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Overpriced compared to what? You think IMs are cheap if your talking AIO? Are you comparing the price to a 40g breeder you threw together? Waterbox? Cade? As a business owner I have customers gripe over a $20 price increase of monthly service or say they got a quote cheaper all the time. My answer is always good luck and have a nice day.I hope they are licensed/insured and reliable. Businesses have overhead if you don't like the prices they certainly aren't going to change because you complained..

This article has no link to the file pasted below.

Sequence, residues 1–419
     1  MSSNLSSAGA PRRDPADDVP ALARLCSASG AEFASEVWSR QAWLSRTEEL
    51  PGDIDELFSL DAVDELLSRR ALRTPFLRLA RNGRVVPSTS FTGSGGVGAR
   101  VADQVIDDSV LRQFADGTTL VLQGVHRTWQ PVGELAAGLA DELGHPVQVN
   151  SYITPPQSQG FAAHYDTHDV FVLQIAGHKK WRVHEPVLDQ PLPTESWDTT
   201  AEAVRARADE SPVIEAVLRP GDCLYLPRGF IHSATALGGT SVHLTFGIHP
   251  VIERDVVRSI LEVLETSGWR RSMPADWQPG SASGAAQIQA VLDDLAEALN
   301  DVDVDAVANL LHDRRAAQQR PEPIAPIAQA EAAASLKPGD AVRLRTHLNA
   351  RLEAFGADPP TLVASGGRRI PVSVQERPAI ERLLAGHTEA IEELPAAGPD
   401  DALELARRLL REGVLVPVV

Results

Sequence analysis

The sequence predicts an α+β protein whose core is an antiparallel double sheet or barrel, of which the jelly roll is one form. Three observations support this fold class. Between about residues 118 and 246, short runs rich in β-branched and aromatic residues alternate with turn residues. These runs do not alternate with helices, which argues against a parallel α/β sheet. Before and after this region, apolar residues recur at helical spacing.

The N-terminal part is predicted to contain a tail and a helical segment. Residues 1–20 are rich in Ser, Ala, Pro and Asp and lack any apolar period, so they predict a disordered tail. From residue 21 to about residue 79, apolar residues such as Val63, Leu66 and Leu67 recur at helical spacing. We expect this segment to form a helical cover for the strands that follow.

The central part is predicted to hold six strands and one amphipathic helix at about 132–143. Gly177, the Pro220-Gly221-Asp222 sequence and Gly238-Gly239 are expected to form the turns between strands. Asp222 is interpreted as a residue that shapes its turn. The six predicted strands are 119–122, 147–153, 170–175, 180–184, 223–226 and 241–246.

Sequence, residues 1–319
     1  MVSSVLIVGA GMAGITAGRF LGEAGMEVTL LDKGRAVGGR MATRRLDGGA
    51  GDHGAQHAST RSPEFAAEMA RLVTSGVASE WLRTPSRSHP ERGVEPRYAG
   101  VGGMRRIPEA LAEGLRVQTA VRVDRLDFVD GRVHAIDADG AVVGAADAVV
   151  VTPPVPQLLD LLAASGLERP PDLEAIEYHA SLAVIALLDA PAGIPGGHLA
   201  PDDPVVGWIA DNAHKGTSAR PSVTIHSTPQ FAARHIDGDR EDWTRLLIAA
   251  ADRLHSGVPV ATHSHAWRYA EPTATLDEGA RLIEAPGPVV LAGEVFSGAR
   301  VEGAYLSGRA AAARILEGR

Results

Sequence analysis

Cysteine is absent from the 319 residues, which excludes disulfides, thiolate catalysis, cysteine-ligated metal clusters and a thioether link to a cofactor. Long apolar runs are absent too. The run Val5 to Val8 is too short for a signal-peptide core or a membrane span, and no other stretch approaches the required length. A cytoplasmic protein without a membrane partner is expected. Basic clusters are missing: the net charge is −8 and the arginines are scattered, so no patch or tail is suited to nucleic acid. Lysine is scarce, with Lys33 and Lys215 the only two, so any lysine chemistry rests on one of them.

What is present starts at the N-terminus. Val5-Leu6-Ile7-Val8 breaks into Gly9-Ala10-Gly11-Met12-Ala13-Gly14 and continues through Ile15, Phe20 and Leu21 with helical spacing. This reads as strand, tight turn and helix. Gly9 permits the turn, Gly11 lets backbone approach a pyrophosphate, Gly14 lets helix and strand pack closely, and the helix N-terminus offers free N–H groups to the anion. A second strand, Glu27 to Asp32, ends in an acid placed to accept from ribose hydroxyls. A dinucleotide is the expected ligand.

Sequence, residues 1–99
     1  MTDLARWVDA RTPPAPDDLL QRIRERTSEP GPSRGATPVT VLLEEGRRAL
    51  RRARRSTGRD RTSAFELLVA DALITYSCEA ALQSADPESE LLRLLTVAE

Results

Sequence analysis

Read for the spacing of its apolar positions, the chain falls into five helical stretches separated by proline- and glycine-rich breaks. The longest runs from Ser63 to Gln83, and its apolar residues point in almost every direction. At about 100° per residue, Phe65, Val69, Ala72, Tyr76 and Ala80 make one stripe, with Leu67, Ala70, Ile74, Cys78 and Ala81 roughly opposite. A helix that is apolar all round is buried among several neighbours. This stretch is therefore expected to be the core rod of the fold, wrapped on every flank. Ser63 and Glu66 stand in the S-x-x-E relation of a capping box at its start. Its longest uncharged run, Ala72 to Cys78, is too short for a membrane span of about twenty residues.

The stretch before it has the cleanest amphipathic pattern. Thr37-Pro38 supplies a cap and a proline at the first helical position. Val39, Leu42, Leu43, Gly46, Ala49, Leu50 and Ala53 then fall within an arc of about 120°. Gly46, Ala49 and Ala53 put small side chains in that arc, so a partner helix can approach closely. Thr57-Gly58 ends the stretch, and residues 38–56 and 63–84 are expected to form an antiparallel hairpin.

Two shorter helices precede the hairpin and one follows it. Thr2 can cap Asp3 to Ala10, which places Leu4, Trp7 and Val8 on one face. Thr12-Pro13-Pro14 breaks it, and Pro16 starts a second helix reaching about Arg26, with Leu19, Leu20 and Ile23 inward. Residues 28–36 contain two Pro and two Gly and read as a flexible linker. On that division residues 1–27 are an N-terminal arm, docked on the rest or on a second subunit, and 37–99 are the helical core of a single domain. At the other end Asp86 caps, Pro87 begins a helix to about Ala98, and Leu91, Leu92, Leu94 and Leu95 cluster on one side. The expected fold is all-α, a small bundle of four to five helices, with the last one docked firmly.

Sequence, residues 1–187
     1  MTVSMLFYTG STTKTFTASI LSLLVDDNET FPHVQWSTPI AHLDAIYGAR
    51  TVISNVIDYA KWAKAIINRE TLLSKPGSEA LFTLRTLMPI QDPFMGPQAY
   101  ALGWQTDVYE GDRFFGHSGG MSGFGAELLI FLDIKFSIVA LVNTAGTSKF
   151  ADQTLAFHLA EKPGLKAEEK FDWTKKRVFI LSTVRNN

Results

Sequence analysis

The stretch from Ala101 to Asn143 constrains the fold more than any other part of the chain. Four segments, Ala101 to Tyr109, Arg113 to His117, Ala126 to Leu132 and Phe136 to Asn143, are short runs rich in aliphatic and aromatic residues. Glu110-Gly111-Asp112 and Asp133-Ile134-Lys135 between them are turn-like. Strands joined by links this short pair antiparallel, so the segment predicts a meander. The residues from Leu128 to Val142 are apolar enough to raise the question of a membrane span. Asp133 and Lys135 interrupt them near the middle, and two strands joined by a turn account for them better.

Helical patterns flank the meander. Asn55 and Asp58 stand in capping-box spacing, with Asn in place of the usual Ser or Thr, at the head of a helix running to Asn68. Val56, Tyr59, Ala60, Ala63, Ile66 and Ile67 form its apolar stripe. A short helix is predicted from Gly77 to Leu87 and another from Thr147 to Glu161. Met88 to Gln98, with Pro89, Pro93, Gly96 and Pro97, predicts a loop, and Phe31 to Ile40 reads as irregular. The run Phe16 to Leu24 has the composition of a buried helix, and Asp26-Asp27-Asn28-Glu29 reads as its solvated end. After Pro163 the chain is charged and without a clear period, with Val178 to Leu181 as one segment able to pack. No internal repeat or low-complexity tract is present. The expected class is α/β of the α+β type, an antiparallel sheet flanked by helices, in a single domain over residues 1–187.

If the money you spend makes you happy it's not overpriced. Get the thing you like. I ran a business as well and I understand your position completely. Spend 2000 bucks on a plastic box and if you like it it's a good deal. Spend 10 bucks on a cheap gadget that fails and it is over priced.
 

flashsmith

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If the money you spend makes you happy it's not overpriced. Get the thing you like. I ran a business as well and I understand your position completely. Spend 2000 bucks on a plastic box and if you like it it's a good deal. Spend 10 bucks on a cheap gadget that fails and it is over priced.
I own a lawn/landscape company and sure I could go to HD and buy a fleet of zero turns for 3k each but I also know those are in no way built the handle hundreds of hours every year. So I spend 8 to 10k per machine because repairs and down time would sink me. You get what you pay for. Going cheap will always cost you more in the end.
 

A Young reefer